Born in Chanute, Kansas in 1894, Osa Helen Leighty enjoyed a typical Midwestern childhood. When Martin Johnson traveled through town, lecturing about his South Seas journey with Jack London, Osa was disgusted by his photographs of cannibals and headhunters. Nevertheless, the two married in 1910 (Osa was sixteen; Martin, twenty-six) and immediately took to the road, planning and saving for their first adventure.

Over the course of two decades, Martin and Osa explored the South Pacific Islands, Borneo, and East and Central Africa. Martin, a photographer, wanted to capture on film the rapidly disappearing wildlife and indigenous cultures of these distant regions. The Johnsons prided themselves on producing authentic footage of animal and native life. Their lecture and feature films, photographs, and books were unique and groundbreaking contributions to scientific knowledge, photography, and popular culture. The Johnsons were the first people to film South Pacific Islanders and the first to make a film with sound in Africa. Not content to remain on the ground, they flew 60,000 miles over Africa, taking the first aerial photos of animal herds and Mts. Kenya and Kilimanjaro.

Though initially hesitant, Osa became more than a traveling companion. Again and again, she heard the familiar refrain regarding their destinations: “That’s no place for a woman!” Osa, however, was a essential partner in these expeditions. While Martin rolled the cameras, Osa planned and organized their safaris. She obtained supplies, made travel arrangements, supervised transportation of their extensive cargo, hired native crews, and maintained the camp. She also helped operate the cameras, which often required waiting in a cramped hunting blind from before sunrise until after sunset, hoping to remain undetected by a hungry lion or angry rhinoceros.

Osa also provided meals for the crews by hunting, fishing, and gardening. She became an expert with both a fishing pole and a gun. While traveling, Osa planted familiar plants from home such as Kansas sunflowers, watermelon, and corn, as well as native flowers and tropical fruits. Gardening on a safari presented a unique set of challenges: baboons stole her tomatoes, while elephants enjoyed her sweet potatoes and crushed plants under their massive feet.

Additionally, Osa stood guard while Martin filmed dangerous animals. Often, she could break up a charge by firing a shot into the air. Osa skillfully saved Martin’s life from charging rhino and elephants, as well as attacking lions and leopards. Sometimes Osa killed these animals, but Martin always encouraged her to wait until the last possible moment to pull the trigger. Their goal was to shoot wildlife with cameras, not guns.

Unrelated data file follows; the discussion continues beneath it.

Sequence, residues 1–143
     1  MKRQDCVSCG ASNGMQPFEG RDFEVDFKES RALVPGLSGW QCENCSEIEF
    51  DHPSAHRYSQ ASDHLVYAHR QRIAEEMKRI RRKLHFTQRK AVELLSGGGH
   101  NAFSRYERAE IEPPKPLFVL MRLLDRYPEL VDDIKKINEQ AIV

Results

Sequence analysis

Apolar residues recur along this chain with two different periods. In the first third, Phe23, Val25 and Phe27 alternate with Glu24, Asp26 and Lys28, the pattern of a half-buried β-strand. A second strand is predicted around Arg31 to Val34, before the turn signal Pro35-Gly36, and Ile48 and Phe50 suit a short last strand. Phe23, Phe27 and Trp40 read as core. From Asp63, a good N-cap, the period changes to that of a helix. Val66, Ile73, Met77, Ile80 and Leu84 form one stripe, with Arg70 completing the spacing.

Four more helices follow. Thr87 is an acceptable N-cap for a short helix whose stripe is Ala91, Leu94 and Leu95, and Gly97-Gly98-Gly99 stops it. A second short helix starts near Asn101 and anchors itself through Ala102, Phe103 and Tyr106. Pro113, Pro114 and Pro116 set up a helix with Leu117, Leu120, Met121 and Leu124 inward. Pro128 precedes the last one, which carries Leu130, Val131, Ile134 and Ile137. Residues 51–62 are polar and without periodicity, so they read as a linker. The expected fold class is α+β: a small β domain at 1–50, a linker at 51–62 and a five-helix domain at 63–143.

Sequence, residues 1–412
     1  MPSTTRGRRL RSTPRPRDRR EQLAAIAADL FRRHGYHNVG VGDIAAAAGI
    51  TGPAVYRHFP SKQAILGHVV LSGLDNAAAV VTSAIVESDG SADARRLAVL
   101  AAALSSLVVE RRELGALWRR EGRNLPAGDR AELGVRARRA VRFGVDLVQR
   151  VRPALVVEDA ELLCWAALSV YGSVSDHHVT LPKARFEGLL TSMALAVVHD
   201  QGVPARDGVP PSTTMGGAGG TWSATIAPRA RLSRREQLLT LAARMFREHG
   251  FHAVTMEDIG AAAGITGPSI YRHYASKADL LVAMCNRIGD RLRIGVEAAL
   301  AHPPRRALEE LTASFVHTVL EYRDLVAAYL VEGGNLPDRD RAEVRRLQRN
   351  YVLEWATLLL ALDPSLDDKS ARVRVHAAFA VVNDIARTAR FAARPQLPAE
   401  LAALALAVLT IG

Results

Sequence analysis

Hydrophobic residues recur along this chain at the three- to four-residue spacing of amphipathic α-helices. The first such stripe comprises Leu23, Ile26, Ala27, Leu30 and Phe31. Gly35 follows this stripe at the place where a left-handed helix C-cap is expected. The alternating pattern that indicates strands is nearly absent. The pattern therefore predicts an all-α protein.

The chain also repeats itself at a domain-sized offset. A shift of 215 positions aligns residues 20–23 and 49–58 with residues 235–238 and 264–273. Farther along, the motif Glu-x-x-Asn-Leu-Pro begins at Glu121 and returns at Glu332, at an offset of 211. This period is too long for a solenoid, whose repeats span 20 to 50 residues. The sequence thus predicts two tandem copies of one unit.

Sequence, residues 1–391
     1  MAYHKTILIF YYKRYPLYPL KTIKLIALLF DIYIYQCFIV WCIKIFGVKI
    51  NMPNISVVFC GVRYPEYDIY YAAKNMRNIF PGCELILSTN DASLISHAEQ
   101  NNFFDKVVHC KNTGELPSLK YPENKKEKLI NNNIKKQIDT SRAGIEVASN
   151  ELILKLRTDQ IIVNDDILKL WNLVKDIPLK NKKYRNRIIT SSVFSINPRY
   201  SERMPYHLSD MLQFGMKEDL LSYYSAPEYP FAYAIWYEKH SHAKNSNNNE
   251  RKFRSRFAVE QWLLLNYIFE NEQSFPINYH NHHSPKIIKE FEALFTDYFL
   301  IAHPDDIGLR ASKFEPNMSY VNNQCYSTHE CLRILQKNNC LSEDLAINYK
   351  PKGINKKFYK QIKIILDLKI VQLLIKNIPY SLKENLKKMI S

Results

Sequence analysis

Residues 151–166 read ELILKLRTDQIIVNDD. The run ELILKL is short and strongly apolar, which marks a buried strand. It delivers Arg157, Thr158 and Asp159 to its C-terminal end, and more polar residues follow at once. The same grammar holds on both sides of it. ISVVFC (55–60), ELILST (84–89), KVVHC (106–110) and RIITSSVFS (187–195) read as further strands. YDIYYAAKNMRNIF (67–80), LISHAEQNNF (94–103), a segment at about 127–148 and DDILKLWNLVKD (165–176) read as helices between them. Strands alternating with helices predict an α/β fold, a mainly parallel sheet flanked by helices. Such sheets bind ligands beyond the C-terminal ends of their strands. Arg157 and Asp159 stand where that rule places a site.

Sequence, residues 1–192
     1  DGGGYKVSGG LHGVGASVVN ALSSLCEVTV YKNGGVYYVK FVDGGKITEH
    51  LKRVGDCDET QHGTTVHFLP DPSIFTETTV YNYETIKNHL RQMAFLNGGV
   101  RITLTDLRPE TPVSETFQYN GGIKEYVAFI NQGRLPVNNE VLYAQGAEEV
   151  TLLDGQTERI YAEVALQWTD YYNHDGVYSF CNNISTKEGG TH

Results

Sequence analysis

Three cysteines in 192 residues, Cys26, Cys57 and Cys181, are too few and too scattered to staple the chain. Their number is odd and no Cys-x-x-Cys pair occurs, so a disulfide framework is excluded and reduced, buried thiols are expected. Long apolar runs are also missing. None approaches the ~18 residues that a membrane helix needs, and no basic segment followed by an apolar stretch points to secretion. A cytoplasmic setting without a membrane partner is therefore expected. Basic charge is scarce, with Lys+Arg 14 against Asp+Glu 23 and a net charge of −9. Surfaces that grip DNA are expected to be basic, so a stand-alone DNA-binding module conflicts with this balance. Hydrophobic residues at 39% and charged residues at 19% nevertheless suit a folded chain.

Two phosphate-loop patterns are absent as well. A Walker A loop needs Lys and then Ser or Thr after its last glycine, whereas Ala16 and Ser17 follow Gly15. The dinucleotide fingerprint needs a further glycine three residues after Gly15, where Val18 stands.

Osa JohnsonOsa JohnsonAfter Martin’s death in 1937, Osa continued to lecture and write about her experiences. Some winters, she visited her friends Beman and Bertie Dawes at their Florida home on Jupiter Island. The two women shared many interests, including nature, gardening, fishing, and photography. Osa wrote fond letters to Bertie expressing her desire to “get out and cast a plug or a fly again with my dear beachcomber friend.”  The pair even entered a fishing derby in which a shark snatched Osa’s fish! Undaunted, she went on to reel in a prize catch. Other Dawes family members read Osa’s books with fascination. Beman and Bertie’s grandchildren enjoyed her picture books, and in 1941, Osa dedicated Pantaloons: Adventures of a Baby Elephant to Beman Gates Dawes III.

Osa JohnsonAlthough they began their careers looking for thrills and adventure, Osa and Martin Johnson gradually turned their attention to conservation and education. They strived to create a record of endangered animals, cultures, and landscapes before they vanished under the forces of civilization. In the same spirit as Beman and Bertie Dawes, Osa and Martin wished to increase the public’s knowledge and appreciation of nature, and to encourage the study of the natural world. Today Osa’s tree stands in Dawes Arboretum as a tribute to this shared mission.

 

Photo #1: Osa Johnson dedicates a tree at Dawes Arboretum with the help of Beman Dawes, November 1, 1940.

Photo #2: Osa poses with her gun in this photograph signed “From fisherman to fisherman, Just Osa.” (no date)

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Granville Brewing Company is featured at Ales in the Garden July 26 http://dawesarb.org/blog/ales/ http://dawesarb.org/blog/ales/#comments Fri, 18 Jul 2014 20:41:57 +0000 http://dawesarb.org/?p=3095 by Megan Fleischer, Display Gardens Manager  | On July 26th, The Arboretum is hosting the 2nd Annual Ales in the Garden from 7pm – 9pm.  A unique program partnering The Arboretum with a local brewery, this year we are excited to be featuring Granville Brewing Company.  This evening promises to be a fun mix of plants, food, […]

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gcb logoby Megan Fleischer, Display Gardens Manager  |
On July 26th, The Arboretum is hosting the 2nd Annual Ales in the Garden from 7pm – 9pm.  A unique program partnering The Arboretum with a local brewery, this year we are excited to be featuring Granville Brewing Company.  This evening promises to be a fun mix of plants, food, and libations–you won’t want to miss out!

Enjoy an evening with our Horticulture staff as you take in the beautiful sights of our Azalea Glen. Staff-lead guided tours will spotlight our favorite plants in this garden and the history of this space as it has evolved over the past 85 years.

Don’t be fooled by the name of the Azalea Glen as only having azaleas and rhododendrons within it–a closer look reveals a splendiferous display of colors and ornamental interest from a wide range of plants–there is much to see and learn about!

Known for their Belgian beers, owners Jay Parsons and Ross Kirk from Granville Brewing Company will impress attendees with their enthusiasm and knowledge as you taste these hugely flavorful brews.  I would be remiss if I didn’t briefly mention the light-bites planned for this evening. A menu structured off the flavorful notes of each beer leaves me with one thought: Yum.